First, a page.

The Maritime History of the Great Lakes
Barge 115 (Barge), U53268, aground, 13 Dec 1899

Full Text

Whaleback Barge 115, which parted her tow-line and broke away from the steamer COLGATE HOYT, in the gale on Lake Superior, Wednesday Morning, December 15, has been given up for lost, with nine men, three of whom, are Captain Arthur A. Boyce, Mate Michael Stynop and cook Wm. Buckner.
The search was given up yesterday, when the HOYT passed through the "Soo" locks bound down to Lake Erie, and the tug VIGILANT tied up at the Soo.
This whaleback was built at West Superior in 1891, and was 256 feet long and 56 feet beam. She had 3,000 tons of ore and was worth $50,000.
The Captain of the HOYT says that a furious, cold north-easter was encountered in Lake Superior, and for 40 hours the HOYT and tow made slow headway. When near the lower end of the lake, the course was shifted to the south, and the shore line was skirted for shelter. On Tuesday it was noticed that the crew of the 115 were at the pumps, and the water thrown out was coloured with iron ore. She gave no distress signal.
At 6 o'clock Wednesday morning the tow's lights were burning. Five munites later it was reported that the tow was adrift, and the HOYT put about and searched four hours. Scarcity of coal forbade longer delay. The lifeboats and rafts of the barge were either washed away or frozen fast to the deck and were useless.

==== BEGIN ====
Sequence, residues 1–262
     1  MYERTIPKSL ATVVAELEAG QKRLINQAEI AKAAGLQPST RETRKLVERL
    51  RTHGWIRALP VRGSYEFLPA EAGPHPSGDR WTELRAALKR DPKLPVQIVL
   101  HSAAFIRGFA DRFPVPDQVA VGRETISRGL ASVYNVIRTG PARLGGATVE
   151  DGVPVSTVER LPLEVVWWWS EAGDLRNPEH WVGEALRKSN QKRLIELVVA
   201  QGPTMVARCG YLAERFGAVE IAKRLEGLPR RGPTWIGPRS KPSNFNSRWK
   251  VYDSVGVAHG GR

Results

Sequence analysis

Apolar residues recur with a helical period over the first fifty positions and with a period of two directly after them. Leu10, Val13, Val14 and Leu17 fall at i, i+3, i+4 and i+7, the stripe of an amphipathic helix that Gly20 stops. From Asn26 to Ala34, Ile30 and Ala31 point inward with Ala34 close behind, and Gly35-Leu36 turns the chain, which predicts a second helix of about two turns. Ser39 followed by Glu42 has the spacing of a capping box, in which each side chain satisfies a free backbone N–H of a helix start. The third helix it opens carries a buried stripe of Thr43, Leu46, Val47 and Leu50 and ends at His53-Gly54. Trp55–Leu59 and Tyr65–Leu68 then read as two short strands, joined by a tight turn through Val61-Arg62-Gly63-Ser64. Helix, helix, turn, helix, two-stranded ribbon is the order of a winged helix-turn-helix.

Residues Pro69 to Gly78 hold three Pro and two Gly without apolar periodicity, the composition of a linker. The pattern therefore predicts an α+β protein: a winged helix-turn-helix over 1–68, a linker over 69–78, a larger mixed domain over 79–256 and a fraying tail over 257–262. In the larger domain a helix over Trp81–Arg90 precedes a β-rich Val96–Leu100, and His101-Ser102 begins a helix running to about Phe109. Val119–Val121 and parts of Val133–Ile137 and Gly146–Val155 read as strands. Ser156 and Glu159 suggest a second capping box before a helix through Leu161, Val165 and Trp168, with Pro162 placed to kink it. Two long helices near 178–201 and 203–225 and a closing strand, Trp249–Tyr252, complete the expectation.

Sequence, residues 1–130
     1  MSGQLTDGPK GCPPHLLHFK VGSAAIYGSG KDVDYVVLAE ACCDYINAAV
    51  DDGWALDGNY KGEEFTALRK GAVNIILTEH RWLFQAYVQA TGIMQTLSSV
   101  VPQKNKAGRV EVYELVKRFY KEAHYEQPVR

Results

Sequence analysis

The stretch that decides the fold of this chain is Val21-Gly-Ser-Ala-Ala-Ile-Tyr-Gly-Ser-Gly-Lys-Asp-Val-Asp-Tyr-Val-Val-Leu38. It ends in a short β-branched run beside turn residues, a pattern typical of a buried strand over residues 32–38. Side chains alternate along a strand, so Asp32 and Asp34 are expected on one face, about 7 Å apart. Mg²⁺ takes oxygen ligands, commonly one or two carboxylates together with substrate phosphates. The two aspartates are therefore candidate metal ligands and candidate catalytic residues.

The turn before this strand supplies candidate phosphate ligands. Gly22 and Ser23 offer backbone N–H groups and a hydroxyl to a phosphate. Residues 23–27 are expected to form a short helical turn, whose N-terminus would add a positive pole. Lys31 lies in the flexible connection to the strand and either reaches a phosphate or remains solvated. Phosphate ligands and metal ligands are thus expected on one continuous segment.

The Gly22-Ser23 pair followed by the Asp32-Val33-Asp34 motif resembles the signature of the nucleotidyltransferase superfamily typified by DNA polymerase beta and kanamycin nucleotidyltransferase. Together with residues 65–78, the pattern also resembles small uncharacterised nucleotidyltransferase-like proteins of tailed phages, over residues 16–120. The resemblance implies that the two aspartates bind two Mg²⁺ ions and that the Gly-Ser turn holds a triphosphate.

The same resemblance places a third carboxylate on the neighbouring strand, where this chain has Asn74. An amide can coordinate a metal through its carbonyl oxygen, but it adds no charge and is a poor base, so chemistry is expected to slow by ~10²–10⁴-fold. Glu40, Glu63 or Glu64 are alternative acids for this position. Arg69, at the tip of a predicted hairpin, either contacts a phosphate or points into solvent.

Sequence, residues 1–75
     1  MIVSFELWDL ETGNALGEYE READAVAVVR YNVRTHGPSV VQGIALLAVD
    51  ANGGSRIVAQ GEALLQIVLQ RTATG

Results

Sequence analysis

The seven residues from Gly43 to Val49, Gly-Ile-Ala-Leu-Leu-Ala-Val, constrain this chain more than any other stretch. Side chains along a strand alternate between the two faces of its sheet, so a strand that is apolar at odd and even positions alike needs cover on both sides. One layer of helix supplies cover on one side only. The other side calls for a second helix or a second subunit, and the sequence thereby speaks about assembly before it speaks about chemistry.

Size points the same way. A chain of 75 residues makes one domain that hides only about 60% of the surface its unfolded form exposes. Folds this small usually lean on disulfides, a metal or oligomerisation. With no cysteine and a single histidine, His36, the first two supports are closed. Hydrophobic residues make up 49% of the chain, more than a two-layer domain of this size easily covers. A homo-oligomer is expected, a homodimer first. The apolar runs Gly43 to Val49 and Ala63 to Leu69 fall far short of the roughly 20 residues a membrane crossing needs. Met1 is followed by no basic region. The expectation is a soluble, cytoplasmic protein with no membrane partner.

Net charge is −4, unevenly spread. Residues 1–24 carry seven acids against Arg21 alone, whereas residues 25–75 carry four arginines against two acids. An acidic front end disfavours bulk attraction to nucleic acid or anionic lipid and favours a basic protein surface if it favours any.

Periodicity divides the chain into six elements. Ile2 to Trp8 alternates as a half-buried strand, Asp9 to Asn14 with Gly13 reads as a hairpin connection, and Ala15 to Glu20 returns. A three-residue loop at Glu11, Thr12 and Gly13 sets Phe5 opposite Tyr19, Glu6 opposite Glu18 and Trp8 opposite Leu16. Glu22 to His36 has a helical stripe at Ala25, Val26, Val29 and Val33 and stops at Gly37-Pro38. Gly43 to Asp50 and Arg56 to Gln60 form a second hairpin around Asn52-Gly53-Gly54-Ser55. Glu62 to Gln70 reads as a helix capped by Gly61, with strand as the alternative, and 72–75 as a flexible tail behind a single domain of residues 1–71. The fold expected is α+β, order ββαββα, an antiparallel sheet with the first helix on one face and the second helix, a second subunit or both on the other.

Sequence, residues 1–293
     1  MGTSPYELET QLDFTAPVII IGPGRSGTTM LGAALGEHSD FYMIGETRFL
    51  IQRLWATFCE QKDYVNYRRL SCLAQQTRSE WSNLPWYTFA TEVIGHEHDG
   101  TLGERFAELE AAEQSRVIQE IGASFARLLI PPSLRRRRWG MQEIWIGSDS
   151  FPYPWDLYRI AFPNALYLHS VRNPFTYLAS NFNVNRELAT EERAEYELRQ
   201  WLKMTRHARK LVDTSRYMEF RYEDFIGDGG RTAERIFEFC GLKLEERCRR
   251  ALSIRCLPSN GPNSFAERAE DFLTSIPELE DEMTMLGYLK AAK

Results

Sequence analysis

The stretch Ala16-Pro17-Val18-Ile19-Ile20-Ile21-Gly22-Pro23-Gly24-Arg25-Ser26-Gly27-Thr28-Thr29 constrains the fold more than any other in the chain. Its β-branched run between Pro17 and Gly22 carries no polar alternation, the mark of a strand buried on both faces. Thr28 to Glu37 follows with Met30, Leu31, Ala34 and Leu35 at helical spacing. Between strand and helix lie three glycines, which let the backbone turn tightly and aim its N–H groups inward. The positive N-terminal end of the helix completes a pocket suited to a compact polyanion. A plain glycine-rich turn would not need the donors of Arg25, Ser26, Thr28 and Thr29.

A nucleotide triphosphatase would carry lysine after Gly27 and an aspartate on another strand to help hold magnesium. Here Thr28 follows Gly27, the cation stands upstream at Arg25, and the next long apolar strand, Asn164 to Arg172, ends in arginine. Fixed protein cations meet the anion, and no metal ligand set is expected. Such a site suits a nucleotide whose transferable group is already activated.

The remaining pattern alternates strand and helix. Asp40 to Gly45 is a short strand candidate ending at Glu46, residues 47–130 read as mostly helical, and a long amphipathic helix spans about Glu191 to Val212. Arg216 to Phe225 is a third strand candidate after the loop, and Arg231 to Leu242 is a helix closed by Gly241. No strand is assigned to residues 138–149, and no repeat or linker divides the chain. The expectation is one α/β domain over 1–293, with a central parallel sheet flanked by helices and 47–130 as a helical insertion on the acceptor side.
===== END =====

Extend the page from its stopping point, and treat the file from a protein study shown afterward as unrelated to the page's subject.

Two additional members of the crew are known to have been T.S. Graham and Albert Wheeler, of Chatham. Oscar Buckner the cook is from Sandwich, Ontario, and Captain Boyce hails from Henderson, Jefferson county, N. Y.
A second tow was in the same storm and the barge also broke adrift, but was afterwards picked up and reached port safely.
      Marine Record
      December 21 ,1899

      . . . . .

      The whaleback Barge 115, which was generally given up for lost on Lake Superior last week, has been found ashore on Pic Island, Ontario, north shore of Lake Superior. After stranding, her crew managed to get ashore and reached here this week. The cook had his feet frost-bitten, otherwise the men pulled through their great hardship in fairly good style. An expedition is now after the barge to learn whether she is in a fit state to be towed into port. The greatest credit is due Messrs. Pickands, Mather & Co., the Minnesota Steamship Co., for their unceasing efforts to find the castaway vessel and her crew, as well as their great kindness and liberality to the men after they turned up all right.
      Marine Record.
      December, 28, 1899

      . . . . .

      Wrecked On The North Shore Of Lake Superior.
As might have been expected, the crew of the whaleback barge 115. wrecked on the north shore of Lake Superior had a thrilling experience in that wilderness. A part of the story, as told by Mate M. J. Lynip, is as follows: